Dreamy ‘Ruben Brandt, Collector’ is artistic overdrive

by Kate Walz on March 15, 2019

in Print Reviews,Reviews

[Rating: Solid Rock Fist Up]

Animated films aren’t just kiddie-fare. As an art form, the medium can add confusion (A Scanner Darkly), psychedelia (Yellow Submarine), and dreaminess (Waking Life).

Ruben Brandt, Collector, directed by Milorad Krstic, who wrote it with Radmila Roczkov, follows that theme – using it’s animated style to immerse the viewer in a highly stylized world that references familiar art works in unfamiliar ways.

Starting on a train, the story moves through an abstract, yet familiar world, as art thief Mimi (voice of Gabriella Hámori) goes to an art therapist for rehabilitation – only to find that the good doctor, Ruben Brandt (voice of Iván Kamarás), is perhaps more tortured than she is.

The film goes through a few iterations – psychedelic dreams to heist movie with a little gangster and helping of noir – as Ruben tries to stop his own nightmares, while another interested party tries to find the source of them.

It’s the animation style that is the most jarring – 90 minutes (it’s really not that long) of cubist faces and impressionist landscapes is almost too much for a brain to process it.

In a near cameo, the cover band Post Modern Jukebox adds a few musical moments that amplify the exact film trope being evoked. It’s like using the color music in a painting.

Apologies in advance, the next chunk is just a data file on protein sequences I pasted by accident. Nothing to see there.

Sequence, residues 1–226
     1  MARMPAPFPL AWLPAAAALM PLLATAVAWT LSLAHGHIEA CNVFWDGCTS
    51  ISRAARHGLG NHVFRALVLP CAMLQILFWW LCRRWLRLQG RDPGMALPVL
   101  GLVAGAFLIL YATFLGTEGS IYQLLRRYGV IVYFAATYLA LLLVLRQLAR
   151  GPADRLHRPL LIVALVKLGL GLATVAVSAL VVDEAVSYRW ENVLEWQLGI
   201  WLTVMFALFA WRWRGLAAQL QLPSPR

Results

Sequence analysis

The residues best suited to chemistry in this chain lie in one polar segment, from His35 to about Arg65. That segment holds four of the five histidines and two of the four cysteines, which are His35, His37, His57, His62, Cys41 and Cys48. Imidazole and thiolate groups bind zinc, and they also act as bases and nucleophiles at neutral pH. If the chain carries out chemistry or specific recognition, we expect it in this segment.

But that constant disorientation – the necessary scanning and re-acclimating to this reality (one person is completely flat – his mother was three dimensional, but his father was a line) keeps you in a state of being not quite in and not quite out of the film – which is the best place to view it from.

The film draws to a close with art imitating, well… art. The experience of Ruben Brandt, Collector is the same as staring at any painting on a wall – completely subjective to the viewer’s own persuasions. As a film – whether it’s due the familiar strangeness of the style or strange familiarity of the plot – it offers a unique experience not often in live-action or animated films.

Kate Walz

Kate is a content-consuming pop-culture nerd. Her top 5 movies are: The Philadelphia Story, The Master, The Fountain, What About Bob and The Departed.

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